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Sports governing bodies to face greater scrutiny in Switzerland

By:
Daniel Benson
Published:
May 25, 2011, 9:39 BST,
Updated:
May 25, 2011, 10:39 BST
Edition:
Second Edition Cycling News, Wednesday, May 25, 2011
UCI headquarters in Aigle, Switzerland

UCI headquarters in Aigle, Switzerland

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More accountability on corruption and taxes for UCI and others

While allegations of corruption and covered-up dope tests cause seismic shifts through the cycling world, a much smaller tremor could in fact lead to far greater reform and revolution from within the sport.

Swiss politicians are currently putting together a proposal that would see some of the world’s leading sports governing bodies, including the UCI, face far greater scrutiny in the eyes of international laws on corruption and accountability.

Switzerland is currently the home of cycling’s UCI, however, it’s also the base for the majority of the globe’s leading federations: the IOC, FIFA and UEFA. All three of those bodies have been embroiled in recent cases of bribery, corruption and match-fixing, which has led to the Swiss parliament to consider new laws. Currently none of these sporting organisations are subject to international anti-corruption treaties and laws or taxes.

“There are problems with accountability,” Roland Buechel tells Cyclingnews.

Buechel is a member of the Swiss parliament and represents the Swiss People's Party (SVP) in the Nationalrat, the Swiss parliament. He cut his teeth working for the Swiss Ski Federation and is pushing through proposals for revised laws.

His goals are focussed around cleaning up FIFA, UEFA and the IOC, however any such laws surrounding anti-corruption and taxes – something federations in Switzerland don’t pay - would have heavy implications on the UCI, who despite welcoming an FDA investigating into allegations of doping, corruption and fraud is not governed by any rulings or decisions from US courts.

“In sport there are four major problems,” Buechel says. “One is hooliganism, one is doping but my motion doesn’t have anything to do with that. My motion is about corruption in sport and there are two legs to this, one is within the federations and the other is outside of that and it’s to do with result fixing and betting.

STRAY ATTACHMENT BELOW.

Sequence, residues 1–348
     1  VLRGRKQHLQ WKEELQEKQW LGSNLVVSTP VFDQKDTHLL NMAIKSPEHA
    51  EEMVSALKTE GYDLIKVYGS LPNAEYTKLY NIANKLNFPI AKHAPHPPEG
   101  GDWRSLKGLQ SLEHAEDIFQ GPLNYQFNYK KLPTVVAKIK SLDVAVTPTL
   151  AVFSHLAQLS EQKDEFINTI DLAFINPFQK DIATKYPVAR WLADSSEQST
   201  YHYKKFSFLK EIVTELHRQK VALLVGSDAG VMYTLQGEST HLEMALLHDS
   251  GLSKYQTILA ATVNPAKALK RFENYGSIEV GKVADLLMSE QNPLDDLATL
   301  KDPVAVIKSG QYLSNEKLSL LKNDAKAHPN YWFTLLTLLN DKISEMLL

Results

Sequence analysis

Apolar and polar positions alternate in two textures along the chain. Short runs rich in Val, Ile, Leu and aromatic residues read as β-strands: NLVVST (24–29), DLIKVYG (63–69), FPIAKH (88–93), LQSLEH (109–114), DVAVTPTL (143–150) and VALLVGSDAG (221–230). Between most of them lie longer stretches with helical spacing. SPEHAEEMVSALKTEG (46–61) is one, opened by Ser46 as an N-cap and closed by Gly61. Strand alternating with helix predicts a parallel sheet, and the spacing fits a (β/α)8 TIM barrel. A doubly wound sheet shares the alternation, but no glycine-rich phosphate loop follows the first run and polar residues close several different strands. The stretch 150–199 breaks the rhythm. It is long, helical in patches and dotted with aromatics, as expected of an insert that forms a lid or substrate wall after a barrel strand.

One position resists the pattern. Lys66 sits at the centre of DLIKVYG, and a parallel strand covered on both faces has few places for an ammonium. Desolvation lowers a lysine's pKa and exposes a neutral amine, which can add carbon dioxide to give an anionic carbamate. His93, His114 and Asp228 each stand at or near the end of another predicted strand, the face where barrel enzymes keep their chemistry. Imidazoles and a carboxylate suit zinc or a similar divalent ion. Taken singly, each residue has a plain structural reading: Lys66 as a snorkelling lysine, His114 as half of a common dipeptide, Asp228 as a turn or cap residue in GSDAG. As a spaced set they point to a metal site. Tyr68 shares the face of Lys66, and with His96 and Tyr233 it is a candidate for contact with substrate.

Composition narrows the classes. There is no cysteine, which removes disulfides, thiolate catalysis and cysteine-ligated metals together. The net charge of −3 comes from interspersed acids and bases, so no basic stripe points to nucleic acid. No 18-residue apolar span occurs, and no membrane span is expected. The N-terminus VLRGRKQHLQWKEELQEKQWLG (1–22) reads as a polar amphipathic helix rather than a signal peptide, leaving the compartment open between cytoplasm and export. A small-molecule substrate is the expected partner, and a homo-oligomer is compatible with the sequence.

“The federations want to look at match fixing but that’s not enough. They need to clean up their own act. There are cases that are known, not just speculation and allegations of corruption within FIFA and the IOC where bribes has been taken.

“There’s too much money involved these days so the chances therefore to become more corrupt are much bigger.”

Earlier this year, Jens Weinreich, a respected investigative reporter spoke to Buechel about the topics of corruption and accountability.

"Our parliament has now instructed the Bundesrat, the government, to analyze what happened in sports federations in terms of corruption and transparency. The comprehensive report should be delivered in December 2011. At the same time, if it is necessary, we will have to propose stricter laws,” Buechel then told Weinreich.

Weinreich also spoke to Anita Thanei of the Social Democratic Party. She is currently the head of the legal commission of the Swiss Parliament. Thanei told Weinreich that she wants to see governing bodies and their officials held to account.

With a recent BBC exposé into bribery and corruption in both FIFA and the IOC, it looks like Switzerland’s patience with the leading governing bodies could have knock on effects for the UCI.

"Private organizations, such as the football associations and all the other sports federations, have been monopolies. Corruption must be fought at all levels." Corrupt sport officials "who have received millions in bribery payments” must not go unpunished, she said.


 

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